When I was seven years old or so and my parents wanted to spend some time together in our small maisonette above the Home and Colonial shop in Chrisp Street Market, they would send their three children to Sunday School.
We walked though to the eastern part of Poplar to the London City Mission at Fiveways.
Fiveways was a convergence of five streets and one of the corners of the convergence was a building that housed the London City Mission’s Poplar Sunday School. I do not remember (consciously at least) what I was taught at Sunday School; I do remember who taught us.
There were three people; at that time I thought them very old people. They were much older than my parents and were people who were dedicated to bring the gospel to the poor of Poplar. The poor of Poplar were not heathens and knew the gospel but it did them no harm to be reminded of it from time to time and it did no harm to provide a free babysitting service so that the parents could spend an hour alone together.
There were three people teaching Sunday School and they all worked together, like a team. The leader was Mr J Bonney. I remember his name only because he signed it on a prize I was given. The prize was a book – there were few books around in those days and those that were around were expensive. Rge book was a red covered small book that contained the words of 738 hymns for young people, under the name of “Golden Bells” published in 1925. Mr J Bonney certified that my book was awarded to me for “Regular Attendance and good conduct” and Mr J Bonney described himself as “missionary”. Sooner or later everyone was awarded “Golden Bells”. My older sister managed to get a Bible as well, no doubt for even more regular attendance and better conduct.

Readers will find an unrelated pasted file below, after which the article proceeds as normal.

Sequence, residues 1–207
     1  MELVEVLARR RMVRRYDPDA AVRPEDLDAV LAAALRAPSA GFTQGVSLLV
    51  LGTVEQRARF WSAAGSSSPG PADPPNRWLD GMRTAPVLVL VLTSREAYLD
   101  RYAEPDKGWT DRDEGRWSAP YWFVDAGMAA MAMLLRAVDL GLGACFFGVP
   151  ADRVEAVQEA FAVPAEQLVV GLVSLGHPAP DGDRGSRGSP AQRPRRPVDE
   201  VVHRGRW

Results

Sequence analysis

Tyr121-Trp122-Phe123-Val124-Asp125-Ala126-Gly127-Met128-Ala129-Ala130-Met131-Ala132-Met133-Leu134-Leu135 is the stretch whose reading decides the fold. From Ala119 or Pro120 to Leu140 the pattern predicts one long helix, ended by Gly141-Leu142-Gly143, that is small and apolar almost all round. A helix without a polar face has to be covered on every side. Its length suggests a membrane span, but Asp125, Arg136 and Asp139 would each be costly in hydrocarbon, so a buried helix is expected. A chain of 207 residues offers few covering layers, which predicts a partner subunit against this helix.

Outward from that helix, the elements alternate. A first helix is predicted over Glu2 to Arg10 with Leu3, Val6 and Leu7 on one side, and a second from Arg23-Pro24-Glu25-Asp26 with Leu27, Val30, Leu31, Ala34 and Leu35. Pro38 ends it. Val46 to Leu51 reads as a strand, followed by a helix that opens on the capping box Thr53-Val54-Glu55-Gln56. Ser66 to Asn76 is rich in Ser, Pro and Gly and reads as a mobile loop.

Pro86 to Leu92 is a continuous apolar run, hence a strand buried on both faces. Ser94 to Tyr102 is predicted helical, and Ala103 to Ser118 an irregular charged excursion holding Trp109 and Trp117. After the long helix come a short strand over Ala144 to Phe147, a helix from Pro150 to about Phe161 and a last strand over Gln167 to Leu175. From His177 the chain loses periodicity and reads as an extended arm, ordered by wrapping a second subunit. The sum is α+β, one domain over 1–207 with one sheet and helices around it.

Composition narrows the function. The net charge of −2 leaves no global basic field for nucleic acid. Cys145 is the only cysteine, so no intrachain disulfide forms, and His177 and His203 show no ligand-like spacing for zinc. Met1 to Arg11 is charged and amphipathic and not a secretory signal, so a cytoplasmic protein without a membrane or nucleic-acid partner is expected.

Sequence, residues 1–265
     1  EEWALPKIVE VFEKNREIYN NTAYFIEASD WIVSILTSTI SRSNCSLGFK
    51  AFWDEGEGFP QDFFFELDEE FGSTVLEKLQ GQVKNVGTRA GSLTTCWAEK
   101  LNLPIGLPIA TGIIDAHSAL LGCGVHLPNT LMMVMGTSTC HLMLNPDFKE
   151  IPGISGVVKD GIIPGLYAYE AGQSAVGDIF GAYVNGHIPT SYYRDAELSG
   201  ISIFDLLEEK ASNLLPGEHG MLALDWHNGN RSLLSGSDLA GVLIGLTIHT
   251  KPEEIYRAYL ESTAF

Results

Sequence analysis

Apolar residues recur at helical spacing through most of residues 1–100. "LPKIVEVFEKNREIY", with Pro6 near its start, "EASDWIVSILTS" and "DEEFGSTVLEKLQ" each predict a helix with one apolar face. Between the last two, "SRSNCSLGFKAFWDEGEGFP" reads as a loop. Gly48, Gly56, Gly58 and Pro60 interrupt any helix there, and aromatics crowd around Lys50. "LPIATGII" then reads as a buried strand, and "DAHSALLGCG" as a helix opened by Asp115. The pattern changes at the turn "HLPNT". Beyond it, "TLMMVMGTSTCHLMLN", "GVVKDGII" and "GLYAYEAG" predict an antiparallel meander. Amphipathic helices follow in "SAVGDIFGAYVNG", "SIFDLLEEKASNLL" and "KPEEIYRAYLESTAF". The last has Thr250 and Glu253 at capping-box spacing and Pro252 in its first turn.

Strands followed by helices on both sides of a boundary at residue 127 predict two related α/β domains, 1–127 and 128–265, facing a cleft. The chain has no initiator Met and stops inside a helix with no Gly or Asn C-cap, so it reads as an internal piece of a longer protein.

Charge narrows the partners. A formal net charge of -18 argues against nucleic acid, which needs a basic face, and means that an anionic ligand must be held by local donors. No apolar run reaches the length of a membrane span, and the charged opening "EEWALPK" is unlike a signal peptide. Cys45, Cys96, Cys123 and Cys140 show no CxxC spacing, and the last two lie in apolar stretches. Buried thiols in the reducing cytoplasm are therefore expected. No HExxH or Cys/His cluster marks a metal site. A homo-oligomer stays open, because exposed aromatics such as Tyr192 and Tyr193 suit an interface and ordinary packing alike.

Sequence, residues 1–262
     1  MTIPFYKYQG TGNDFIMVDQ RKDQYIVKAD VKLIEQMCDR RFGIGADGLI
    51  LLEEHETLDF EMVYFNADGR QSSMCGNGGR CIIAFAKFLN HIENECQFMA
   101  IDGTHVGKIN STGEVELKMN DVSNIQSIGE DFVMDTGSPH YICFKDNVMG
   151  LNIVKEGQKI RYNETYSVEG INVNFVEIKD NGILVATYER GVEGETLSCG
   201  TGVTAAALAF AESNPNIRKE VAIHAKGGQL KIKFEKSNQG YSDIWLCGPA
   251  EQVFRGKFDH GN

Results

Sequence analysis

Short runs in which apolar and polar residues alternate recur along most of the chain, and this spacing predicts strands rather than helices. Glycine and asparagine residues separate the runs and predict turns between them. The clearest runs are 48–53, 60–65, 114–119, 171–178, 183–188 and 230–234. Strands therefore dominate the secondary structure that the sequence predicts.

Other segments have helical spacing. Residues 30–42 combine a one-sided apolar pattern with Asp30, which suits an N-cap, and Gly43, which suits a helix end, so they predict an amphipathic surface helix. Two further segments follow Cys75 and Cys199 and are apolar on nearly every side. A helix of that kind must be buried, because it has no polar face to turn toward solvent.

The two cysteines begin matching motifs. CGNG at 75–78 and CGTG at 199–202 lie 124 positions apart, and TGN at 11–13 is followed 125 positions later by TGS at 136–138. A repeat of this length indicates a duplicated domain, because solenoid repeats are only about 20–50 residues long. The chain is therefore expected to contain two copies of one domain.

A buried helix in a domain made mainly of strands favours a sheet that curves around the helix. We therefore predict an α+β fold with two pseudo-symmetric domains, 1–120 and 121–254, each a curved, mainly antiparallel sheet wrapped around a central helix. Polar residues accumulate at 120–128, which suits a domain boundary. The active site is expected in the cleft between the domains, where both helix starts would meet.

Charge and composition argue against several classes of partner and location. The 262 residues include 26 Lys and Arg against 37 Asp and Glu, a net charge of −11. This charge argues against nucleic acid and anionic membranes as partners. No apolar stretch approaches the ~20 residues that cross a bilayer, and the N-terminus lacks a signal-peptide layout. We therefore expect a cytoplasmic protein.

Mr Bonney was supported in his missionary work practised upon me by two sisters, the Misses Sweet. They seemed very old to me at the time, but they had a sense of the exotic. One of the Misses Sweet played an old battered harmonium to which we sang hymns from Golden Bells. Her feet would pump at the pedals which operated the bellows to push and pull air through the harmonium as Ms Sweet played the keyboard. The harmonium is an old instrument to find these days and the battered harmonium played by Ms Sweet seemed to have a life of its own. It was old – perhaps as old as the Misses Sweet or Mr Bonney – and I wondered if it could tell stories of its own. Of course children were not allowed to touch or play the harmonium; that would have been such pleasure.
I looked through my edition of “Golden Bells”. The pages are yellowed but the print is clear. The small book of so many hymns for young people fell open at page 75 and my eyes searched the page to see what hymn had been sung so often that opening the book would cause a preference for page 75 as opposed to any of the other 211 pages. In the top right hand corner of the page in the book’s very small print were the words, or some of the words that had inspired Mr Bonney and the Misses Sweet to do their work in Poplar.
“Rock of Ages, cleft for me
Let me hide myself in thee”
Filed under: climate change | Tagged: Fiveways Mission, Golden Bells, harmonium, hymn book, hymns, J Bonney, London City Mission, Miss Sweet, missionary, poplar, rock of agens, rock of ages, Tower Hamlets |